Little Arnot Photograph Series
A long wait with a slow modem, but a great 60-year photo record!
In 1927, scientists of the United States Forest Service Allegheny Experiment
Station formed a partnership with managers to collect data in stands scheduled
to be harvested as part of the first timber sale on the 4-year-old Allegheny
National Forest. The data would be used to help managers decide which kinds
of silviculture to use. The stands chosen for this timber sale, near the
Little Arnot Creek in Warren County, were photographed as well. Scientists
continued to collect data and take photographs at about ten year intervals
since that timber sale. Inventories consisted of tallies of all trees 1.0
inches in diameter at breast height (dbh) on a 1.0 acre plot within the harvest
areas. Some stands were only partially cut, and have since received final
harvests. But the stand that grew up after the clearcut in 1928 still stands,
and the photographs that follow show the development of this stand, a typical
even-age, second-growth stand.
||This photograph shows the stand prior to harvest in 1927. This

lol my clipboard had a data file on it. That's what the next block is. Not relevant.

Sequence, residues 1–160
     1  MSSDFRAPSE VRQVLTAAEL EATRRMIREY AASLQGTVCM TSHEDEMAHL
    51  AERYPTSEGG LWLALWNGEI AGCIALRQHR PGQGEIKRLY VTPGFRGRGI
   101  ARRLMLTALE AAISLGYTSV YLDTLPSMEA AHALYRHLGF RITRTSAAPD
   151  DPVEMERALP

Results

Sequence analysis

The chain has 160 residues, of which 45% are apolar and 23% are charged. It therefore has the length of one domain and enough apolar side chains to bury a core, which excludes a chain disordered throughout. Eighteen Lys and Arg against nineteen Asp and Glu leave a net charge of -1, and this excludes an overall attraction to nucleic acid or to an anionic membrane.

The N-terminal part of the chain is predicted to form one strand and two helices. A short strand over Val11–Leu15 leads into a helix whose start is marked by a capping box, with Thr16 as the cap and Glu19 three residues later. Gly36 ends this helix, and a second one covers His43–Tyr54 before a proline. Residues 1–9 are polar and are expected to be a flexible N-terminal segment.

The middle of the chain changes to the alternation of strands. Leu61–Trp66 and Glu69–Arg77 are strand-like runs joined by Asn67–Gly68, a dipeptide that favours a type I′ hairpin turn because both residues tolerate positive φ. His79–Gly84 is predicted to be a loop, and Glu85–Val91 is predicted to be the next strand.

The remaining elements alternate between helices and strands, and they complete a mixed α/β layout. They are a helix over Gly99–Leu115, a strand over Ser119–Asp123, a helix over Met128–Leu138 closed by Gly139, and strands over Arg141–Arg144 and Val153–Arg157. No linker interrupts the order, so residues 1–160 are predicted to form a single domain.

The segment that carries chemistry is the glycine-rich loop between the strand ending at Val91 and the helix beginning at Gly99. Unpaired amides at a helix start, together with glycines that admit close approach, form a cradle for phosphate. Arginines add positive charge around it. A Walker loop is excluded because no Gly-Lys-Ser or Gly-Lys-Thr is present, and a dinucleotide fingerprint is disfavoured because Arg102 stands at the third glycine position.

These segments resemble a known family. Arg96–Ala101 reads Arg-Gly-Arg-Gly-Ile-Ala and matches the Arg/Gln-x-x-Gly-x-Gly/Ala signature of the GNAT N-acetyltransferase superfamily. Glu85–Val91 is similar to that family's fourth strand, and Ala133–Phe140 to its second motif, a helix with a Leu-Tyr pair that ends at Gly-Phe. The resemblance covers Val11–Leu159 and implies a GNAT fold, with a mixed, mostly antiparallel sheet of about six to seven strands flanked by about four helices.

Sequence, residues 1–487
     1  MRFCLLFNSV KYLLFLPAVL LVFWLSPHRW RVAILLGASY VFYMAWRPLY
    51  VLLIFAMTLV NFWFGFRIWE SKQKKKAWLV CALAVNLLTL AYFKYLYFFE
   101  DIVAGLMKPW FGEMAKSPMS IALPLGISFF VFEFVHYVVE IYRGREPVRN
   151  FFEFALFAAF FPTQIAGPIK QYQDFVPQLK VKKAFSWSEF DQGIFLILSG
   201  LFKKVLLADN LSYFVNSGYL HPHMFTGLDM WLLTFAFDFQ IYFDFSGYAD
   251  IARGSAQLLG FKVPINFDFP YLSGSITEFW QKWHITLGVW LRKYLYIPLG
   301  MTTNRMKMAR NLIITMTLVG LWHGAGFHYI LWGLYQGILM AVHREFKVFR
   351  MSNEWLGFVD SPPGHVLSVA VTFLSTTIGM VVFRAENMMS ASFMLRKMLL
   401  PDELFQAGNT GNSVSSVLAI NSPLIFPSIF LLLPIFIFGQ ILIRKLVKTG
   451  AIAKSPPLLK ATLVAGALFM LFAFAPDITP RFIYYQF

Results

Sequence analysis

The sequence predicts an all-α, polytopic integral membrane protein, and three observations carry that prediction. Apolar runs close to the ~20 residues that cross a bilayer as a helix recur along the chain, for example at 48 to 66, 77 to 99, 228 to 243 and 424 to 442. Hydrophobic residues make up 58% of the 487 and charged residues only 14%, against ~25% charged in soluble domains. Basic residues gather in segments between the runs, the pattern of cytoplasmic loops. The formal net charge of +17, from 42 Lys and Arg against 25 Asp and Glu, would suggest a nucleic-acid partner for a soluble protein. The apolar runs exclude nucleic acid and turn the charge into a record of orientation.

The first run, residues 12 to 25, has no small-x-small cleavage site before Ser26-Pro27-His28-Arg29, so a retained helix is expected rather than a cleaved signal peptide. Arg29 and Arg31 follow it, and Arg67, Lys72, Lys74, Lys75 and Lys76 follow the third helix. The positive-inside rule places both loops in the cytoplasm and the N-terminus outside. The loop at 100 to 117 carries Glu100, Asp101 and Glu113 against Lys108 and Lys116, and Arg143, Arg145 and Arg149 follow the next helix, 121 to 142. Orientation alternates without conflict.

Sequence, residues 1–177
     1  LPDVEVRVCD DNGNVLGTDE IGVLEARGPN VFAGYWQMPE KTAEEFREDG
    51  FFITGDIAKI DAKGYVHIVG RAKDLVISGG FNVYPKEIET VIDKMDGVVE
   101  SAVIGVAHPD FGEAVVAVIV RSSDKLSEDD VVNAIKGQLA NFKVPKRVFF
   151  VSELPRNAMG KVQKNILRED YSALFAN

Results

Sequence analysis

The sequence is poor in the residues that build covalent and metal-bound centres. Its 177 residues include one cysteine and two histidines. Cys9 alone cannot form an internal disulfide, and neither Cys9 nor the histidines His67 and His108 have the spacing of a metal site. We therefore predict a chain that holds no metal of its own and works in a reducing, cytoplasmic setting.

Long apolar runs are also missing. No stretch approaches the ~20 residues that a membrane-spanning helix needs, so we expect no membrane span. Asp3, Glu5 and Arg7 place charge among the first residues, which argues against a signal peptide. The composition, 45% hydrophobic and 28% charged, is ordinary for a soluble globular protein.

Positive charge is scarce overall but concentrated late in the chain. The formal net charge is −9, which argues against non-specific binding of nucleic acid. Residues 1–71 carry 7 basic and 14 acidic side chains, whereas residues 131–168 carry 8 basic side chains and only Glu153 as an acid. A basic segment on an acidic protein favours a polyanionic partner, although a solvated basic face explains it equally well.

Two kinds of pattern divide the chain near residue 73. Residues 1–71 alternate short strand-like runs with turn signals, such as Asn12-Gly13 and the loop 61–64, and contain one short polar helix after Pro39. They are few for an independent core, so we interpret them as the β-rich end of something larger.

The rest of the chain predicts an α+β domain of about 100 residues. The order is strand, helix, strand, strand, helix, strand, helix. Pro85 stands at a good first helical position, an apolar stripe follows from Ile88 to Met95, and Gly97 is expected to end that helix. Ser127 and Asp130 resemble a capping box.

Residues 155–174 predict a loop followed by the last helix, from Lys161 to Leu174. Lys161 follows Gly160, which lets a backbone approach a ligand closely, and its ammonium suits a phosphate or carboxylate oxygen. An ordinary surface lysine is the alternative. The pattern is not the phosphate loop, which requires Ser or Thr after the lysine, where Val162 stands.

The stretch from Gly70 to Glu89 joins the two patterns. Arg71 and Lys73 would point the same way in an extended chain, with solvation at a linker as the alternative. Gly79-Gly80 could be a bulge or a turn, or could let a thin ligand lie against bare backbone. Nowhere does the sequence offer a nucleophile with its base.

stand had a basal area of 128 square feet, with 335 trees per acre.
The medial diameter of the merchantable trees was 14.9 inches, and
almost 64 square feet, or about half the basal area, consisted of
American beech. Ten species were measured in this stand, with sugar
maple and black cherry representing the second and third most basal
||The timber sale was conducted in two parts. This was typical of
harvests at that time. First, the merchantable sawtimber was removed
during the winter of 1927. Although sawmills and chemical wood factories
often shared railroad facilities their harvests were conducted separately.
The sawmill harvest left the residual shown in this photograph.While
it is difficult to imagine that it was economical to harvest the